Home? Maybe once. When I could get around. I’d hunt, and Mom would cook up whatever I brought home. Pheasant. Squirrel. Turkey. Deer. We’d have a feast. And family would come in on Sundays. My regular family. Brothers and their kin. And we’d tell stories and plan our next trip. We’d share a bottle or two in those days and my brother Aaron would have too much and start to bragging about his shooting skills and before the day was out we’d be back behind the kitchen shooting bottles off the fence post.
We hadn’t used that cabin in the back as a kitchen for as long as I can remember. I used it to cure pelts. And tobacco, them few years I tried my hand at farming. Hard tell what’s back there now.
Yeah, honey. This is my home. For a spell longer, anyways.
I laughed a little at that, which started me coughing and wheezing and I couldn’t stop. Blanche heard me and came in and pulled me up in the bed. Nearly pulled my shoulder out of its socket. She pulled my pillows up then pushed my head back down and flattened my hair to my head. She yanked the covers up over my shoulders, not even asking me if I was cold. She sure treats an old man rough.
Red stood there watching and Blanche gave her the stink eye, and when Blanche headed for the door, I managed to give Red a wink.
She kindly smiled.
Don’t get old, honey.
I laughed again but seems my coughing spell was over.
I used to keep gumdrops in a glass bowl on my nightstand but the jar was empty. Sugar stuck to the sides of the bowl. On the dresser is a picture of Mom, all young and pretty in her red dress, cepting the picture is black and white. Maybe more brown. But I remember that dress. Beside her picture is one of my daddy. Not as mean as he looks. He was a good man. Died when he was forty-two. Consumption.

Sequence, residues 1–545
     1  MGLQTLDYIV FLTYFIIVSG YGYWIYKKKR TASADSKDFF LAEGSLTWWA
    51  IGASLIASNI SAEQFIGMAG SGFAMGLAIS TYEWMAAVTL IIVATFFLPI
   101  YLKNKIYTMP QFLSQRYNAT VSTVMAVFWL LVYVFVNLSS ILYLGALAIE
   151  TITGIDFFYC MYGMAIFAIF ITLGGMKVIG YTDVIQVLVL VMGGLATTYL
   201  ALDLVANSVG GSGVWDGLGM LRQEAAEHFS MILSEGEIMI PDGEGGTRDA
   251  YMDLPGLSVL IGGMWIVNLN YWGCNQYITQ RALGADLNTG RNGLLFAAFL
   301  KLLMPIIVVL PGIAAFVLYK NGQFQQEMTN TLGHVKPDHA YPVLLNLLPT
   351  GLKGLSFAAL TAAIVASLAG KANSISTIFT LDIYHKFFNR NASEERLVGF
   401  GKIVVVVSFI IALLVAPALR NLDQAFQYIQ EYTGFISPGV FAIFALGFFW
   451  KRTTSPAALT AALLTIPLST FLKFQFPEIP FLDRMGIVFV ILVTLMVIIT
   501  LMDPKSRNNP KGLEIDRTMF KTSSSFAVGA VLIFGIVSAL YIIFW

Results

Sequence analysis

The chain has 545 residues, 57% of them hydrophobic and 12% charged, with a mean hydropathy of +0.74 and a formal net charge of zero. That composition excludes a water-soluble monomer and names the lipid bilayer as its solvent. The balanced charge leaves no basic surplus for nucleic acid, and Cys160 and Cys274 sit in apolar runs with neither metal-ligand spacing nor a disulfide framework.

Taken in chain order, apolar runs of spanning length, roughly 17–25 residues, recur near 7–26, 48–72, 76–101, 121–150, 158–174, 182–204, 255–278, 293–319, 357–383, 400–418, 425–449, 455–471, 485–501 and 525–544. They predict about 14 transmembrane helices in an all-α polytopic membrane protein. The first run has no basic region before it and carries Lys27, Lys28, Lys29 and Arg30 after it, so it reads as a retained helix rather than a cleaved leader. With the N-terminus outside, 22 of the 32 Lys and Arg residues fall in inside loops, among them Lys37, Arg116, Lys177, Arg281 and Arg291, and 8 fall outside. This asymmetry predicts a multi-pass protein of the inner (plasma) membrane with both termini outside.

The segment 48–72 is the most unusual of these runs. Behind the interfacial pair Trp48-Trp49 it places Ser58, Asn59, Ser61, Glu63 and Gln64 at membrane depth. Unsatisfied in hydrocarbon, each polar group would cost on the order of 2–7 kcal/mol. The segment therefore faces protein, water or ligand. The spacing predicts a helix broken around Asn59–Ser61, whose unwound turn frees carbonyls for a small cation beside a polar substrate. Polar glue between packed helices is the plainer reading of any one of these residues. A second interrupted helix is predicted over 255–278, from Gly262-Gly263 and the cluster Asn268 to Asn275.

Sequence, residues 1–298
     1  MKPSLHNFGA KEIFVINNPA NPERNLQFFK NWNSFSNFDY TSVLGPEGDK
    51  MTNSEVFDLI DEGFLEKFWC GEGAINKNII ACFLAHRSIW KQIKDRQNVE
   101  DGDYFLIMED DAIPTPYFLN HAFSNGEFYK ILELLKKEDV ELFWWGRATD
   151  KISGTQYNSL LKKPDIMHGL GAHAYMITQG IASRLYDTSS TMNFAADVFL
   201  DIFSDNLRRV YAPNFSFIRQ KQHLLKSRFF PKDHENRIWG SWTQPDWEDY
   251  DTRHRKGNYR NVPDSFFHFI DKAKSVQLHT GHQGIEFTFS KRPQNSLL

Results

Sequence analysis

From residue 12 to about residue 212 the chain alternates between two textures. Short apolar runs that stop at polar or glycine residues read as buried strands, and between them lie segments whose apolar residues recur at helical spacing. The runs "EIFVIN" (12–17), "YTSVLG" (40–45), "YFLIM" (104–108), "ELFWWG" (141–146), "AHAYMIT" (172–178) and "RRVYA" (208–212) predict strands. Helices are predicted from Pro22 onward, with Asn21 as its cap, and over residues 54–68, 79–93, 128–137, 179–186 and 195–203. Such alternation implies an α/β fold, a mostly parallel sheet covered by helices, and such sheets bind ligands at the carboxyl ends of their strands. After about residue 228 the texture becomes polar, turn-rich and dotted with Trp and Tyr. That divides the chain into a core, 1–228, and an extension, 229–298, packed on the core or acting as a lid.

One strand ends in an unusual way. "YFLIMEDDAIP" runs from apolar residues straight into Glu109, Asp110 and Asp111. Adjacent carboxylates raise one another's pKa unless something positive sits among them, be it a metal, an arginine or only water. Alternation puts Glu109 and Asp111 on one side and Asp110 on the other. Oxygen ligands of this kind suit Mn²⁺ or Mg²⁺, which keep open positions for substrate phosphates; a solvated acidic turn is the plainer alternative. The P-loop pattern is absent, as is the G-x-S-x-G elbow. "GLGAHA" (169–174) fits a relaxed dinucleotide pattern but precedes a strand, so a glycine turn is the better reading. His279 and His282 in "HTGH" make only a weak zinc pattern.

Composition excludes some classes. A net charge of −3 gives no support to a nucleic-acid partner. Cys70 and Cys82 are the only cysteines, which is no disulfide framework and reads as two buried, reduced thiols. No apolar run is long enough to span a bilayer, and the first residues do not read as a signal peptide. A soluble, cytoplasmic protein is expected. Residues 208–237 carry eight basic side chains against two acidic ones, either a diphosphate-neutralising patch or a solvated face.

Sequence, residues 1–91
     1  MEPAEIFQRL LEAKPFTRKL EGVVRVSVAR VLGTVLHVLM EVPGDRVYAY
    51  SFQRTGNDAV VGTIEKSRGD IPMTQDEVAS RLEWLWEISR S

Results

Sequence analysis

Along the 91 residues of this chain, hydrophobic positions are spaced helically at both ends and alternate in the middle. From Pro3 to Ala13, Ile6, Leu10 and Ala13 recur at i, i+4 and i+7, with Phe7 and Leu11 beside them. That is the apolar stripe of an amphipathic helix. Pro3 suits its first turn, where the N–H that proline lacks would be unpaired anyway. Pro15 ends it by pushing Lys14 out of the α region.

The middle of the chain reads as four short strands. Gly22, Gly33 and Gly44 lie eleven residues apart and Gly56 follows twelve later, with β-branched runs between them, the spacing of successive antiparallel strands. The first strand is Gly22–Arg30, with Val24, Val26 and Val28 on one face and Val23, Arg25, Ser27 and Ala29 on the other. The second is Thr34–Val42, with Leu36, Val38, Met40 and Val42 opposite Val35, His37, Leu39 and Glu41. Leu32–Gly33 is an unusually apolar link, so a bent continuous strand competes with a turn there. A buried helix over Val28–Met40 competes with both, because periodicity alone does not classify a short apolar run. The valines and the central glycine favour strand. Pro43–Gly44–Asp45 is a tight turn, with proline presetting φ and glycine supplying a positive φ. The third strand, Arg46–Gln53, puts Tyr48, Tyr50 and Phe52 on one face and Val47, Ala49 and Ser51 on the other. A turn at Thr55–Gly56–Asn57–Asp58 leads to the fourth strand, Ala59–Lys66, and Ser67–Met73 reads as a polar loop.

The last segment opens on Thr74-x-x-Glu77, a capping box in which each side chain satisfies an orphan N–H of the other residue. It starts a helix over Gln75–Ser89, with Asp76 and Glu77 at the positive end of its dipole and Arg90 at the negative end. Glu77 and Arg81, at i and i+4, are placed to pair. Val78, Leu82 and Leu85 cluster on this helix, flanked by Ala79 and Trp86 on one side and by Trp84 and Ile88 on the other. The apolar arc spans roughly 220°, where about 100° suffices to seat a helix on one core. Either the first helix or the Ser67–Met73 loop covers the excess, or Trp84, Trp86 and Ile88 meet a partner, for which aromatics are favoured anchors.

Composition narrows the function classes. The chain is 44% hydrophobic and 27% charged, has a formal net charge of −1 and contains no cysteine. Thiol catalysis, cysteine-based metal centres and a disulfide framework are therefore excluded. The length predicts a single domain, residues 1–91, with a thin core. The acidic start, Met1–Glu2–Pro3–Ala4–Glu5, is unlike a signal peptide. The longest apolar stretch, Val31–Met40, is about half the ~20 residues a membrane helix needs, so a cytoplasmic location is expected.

She looked at me, not getting my meaning. I reached for my cane. Always keep my cane with me, even in bed. I picked it up, the worn oak so familiar in my hands. Oak maybe as old as me. I told Mom to make sure they put it in the ground with me.
I picked it up, held it up to my eye like I was sighting a rifle, and aimed at the dresser.
She knew what I meant but she wasn’t sure.
She walked to the dresser.
Open it up.
It stuck at first but she gave it a strong pull and it squeaked as it opened.
She looked inside, then back at me.
Look under the handkerchiefs.
She pulled them back.
The wood box. Bring it to me.
I thought she would hesitate but she didn’t. She picked up the box and walked straightway to me. She stood next to the bed and held the box out.
I took it and she stared at my hands, gnarled and bent out of shape by age and ever thing I had done in my life. Can’t remember how many times I broke one of my fingers. Life on the flat boat ain’t for the faint. And when you skin an animal, you’re just as likely to skin yourself. Then there’s my fingernails. Blanche aint’ cut them in a while.
I gave Red a smile and a wink and she smiled back.
I lifted the lid, half expecting the box to be empty. Figured Hubert would have found the box by now. Maybe he had. Wasn’t really worth that much. Ten dollars. Ten silver dollars.
I picked up a few and hefted them in my hand. I love the way silver dollars clink against each other. Kind of heavy and muted. Makes you feel like you have something worthwhile.
I looked through them, trying to find the newest, shiniest dollar. Not that they were new. Like ever thing else in this old house, they were at least fifty years old. But I found one in pretty good shape. I picked it out from the others and held it up, letting the dim light through the cracked window do what it could to show its shine. Not much.